When President Obama began his second term he took what was then viewed as a justifiable victory lap for having ended the U.S. military involvement in Iraq. In addition, he sought to articulate a new national security strategy, one distinct from those pursued by his predecessors all the way back to Truman. No more Cold Wars, no long war against global terrorism. As he stated in his second inaugural address “We, the people, still believe that enduring security and lasting peace do not require perpetual war.”
Apparently, no one informed the world’s tyrants, terrorists and authoritarian regimes of President Obama’s decision. In less than two years the administration’s meme appears to have shifted from enduring security and lasting peace to perpetual war. In a recent revealing interview in The Atlantic, Secretary of Defense Chuck Hagel stated “Tyranny, terrorism, the challenges and threats to our country … is going to be with us. . . It’s a reality. I see these things continuing to stay out of there.” The article’s author, David A. Graham, drew the following conclusion from his interview with Secretary Hagel: “Hagel didn’t seem especially sanguine that it would end anytime soon. In other words: Get used to endless war.”
This Hagel is at odds with the one who in his interview with the President prior to being nominated for Secretary of Defense allegedly warned that the Pentagon would try to push the old agenda of a highly dangerous world and the need for militarized foreign and security policies. “We are at a time where there is a new world order. We don’t control it. You must question everything, every assumption, everything they” — the military and diplomats — “tell you. Any assumption 10 years old is out of date. You need to question our role. You need to question the military. You need to question what we are using the military for.” Two years of reality has a way of mugging our dreams.
In a world of endless war and multiple crises, environmental and biological as well as political, economic and military, we must consider anew our understanding of the role of military power as an instrument of U.S. foreign and security policies. Over the past six years, administration officials and academics have pooh-poohed the importance of U.S. military power relative to other policy instruments even putting forth the hoary saying that just because you have the best hammer in the world doesn’t make every problem a nail. This formulation ignores the reality that the military is not a tool but a tool box, really more of a deployable Home Depot able to support a wide range of missions.
Another mischaracterization of the utility of military power is that defense spending comes at the expense of the government’s ability to maintain a strong economy. No less a figure than the former Chairman of the Joint Chiefs of Staff, Admiral Michael Mullen echoed this absurd notion. It is possible to disagree about which types of discretionary spending better stimulates the economy and generates jobs. But there can be no dispute regarding one fundamental truth: without security there cannot be successful political or economic development. We learned that lesson fighting the Barbary pirates more than 200 hundred years ago and relearned it time and again, most recently in Iraq and Afghanistan.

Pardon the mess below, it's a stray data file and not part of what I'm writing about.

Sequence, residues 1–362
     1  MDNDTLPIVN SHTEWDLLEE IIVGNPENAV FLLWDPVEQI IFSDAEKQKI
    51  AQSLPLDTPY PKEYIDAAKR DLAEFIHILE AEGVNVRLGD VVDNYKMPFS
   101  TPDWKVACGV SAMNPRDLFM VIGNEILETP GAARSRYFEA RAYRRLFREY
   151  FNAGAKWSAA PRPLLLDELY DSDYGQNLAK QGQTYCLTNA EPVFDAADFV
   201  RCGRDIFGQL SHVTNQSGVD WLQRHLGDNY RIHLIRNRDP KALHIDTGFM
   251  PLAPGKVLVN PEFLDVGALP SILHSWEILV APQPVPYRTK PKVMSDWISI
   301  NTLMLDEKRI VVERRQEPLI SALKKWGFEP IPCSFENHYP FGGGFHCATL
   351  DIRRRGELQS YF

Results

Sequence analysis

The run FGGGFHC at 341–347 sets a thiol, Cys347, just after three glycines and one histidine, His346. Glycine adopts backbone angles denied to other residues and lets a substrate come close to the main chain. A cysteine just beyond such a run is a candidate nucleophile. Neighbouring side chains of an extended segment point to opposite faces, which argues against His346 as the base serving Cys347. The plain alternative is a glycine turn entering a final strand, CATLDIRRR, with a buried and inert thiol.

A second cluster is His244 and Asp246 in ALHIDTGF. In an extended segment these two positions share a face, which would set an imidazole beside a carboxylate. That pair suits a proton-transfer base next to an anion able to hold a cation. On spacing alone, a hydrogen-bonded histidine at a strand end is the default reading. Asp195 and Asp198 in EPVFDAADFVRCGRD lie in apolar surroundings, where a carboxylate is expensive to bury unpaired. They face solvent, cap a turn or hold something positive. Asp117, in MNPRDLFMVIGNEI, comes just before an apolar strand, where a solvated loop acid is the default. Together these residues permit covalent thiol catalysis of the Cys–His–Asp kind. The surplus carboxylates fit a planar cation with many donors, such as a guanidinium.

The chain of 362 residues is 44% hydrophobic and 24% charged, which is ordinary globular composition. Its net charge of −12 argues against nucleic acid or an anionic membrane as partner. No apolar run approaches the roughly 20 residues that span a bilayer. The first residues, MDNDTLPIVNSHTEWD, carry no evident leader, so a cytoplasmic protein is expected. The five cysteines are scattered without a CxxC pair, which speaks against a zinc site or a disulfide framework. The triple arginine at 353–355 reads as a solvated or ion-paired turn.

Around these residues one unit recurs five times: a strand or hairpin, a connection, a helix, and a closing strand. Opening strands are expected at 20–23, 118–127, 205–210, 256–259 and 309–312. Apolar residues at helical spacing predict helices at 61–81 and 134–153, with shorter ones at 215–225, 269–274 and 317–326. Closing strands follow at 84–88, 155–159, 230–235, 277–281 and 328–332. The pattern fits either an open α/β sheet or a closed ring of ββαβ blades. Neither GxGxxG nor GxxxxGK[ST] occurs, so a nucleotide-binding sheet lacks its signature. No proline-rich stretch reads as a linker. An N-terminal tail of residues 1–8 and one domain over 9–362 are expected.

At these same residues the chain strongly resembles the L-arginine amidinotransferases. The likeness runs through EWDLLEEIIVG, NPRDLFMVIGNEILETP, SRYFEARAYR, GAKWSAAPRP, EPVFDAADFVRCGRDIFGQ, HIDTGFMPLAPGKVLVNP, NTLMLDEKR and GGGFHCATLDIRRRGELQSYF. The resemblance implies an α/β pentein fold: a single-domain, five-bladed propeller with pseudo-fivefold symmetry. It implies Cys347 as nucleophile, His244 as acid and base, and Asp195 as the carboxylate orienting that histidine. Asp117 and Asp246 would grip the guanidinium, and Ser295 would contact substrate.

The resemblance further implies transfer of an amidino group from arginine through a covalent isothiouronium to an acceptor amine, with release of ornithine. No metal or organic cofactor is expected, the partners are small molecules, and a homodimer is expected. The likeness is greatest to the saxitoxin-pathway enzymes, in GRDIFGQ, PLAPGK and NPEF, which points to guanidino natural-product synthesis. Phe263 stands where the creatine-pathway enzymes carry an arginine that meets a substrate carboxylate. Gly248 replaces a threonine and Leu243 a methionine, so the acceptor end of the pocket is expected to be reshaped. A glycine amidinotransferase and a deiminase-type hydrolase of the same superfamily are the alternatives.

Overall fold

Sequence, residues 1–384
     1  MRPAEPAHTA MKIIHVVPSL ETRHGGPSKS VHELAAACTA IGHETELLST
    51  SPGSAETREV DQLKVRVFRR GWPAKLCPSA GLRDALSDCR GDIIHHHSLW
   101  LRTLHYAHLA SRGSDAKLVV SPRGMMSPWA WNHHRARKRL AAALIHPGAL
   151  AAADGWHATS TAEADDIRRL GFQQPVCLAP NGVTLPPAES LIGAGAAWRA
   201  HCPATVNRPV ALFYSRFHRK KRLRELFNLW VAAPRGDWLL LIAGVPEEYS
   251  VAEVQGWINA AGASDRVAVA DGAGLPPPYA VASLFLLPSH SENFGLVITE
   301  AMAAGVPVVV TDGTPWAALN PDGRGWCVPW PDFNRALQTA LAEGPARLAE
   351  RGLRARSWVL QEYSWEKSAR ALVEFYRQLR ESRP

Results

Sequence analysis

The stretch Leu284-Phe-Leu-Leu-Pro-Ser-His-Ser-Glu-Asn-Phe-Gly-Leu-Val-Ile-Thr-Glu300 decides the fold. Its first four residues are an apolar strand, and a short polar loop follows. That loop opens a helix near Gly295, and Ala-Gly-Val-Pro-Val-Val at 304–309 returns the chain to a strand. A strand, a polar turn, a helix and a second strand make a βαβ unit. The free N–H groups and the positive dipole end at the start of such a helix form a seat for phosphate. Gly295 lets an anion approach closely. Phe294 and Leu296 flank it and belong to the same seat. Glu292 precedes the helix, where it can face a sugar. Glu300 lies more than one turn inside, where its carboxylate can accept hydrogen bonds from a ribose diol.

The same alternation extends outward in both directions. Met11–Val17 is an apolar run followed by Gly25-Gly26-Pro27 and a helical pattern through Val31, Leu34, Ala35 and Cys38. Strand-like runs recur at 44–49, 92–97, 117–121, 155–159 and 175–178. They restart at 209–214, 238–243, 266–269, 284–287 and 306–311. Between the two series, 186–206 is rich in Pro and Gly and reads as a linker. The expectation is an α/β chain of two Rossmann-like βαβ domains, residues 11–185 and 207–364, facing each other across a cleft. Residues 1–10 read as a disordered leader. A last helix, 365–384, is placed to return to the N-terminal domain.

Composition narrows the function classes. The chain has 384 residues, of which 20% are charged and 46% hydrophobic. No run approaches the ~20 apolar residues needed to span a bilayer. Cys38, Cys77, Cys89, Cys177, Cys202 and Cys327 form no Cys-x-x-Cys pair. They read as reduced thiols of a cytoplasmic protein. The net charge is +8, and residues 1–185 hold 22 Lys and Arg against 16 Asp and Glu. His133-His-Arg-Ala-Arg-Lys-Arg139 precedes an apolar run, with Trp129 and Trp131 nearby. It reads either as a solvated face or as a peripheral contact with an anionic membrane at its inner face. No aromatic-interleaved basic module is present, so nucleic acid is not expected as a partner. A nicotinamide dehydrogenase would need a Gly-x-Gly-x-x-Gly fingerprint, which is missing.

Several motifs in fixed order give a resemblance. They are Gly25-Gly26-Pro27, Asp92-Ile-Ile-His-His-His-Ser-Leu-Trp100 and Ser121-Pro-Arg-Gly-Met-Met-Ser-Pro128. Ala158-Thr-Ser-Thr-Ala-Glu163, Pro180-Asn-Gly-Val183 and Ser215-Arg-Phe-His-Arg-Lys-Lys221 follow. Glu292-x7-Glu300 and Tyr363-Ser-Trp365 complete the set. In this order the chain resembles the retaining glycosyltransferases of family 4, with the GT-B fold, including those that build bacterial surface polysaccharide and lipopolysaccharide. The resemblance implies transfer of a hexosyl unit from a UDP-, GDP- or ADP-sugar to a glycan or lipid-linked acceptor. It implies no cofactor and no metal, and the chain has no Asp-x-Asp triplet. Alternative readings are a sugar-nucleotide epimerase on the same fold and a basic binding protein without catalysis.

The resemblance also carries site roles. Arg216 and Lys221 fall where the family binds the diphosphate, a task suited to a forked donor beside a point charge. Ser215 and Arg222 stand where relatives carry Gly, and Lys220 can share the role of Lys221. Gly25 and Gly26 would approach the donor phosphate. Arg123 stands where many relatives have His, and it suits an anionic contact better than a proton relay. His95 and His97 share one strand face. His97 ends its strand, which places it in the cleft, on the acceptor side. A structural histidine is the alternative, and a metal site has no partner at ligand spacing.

The prospect of endless war should cause us to rethink how our military is organized, trained and equipped. Should the military be focused on low likelihood but high consequence conflicts with peer competitors or instead on the much more probable but individually less significant fights with rogue regimes and terrorist groups? If conflicts are ongoing rather than episodic, this says a lot about the way the Active and Reserve Components should be structured. This paradigm also raises a host of questions regarding our alliance structures and choices of coalition partners.
If we are in a period of endless wars how do we avoid bankruptcy? President Eisenhower sought to address the fiscal problems associated with a strategy of long-term containment of the Soviet Union by emphasizing the role of nuclear weapons. Outsourcing certain conflicts or security operations in particular parts of the world to allies or even to the private sector is one way of bringing down the overall costs of operating a global defense. Some experts believe that advanced robotics holds out the potential for low-cost, bloodless warfare.
Endless war has significant implications for the future of the defense industry and relations between the government as monopsony buyer and the private sector that sells to it. It argues for a radical restructuring of current acquisition regulations and contracting practices in order to allow for better access to commercial producers and to spur innovation. The management of platform and systems life cycle costs should take greater significance as should evolutionary vice revolutionary change in capabilities.
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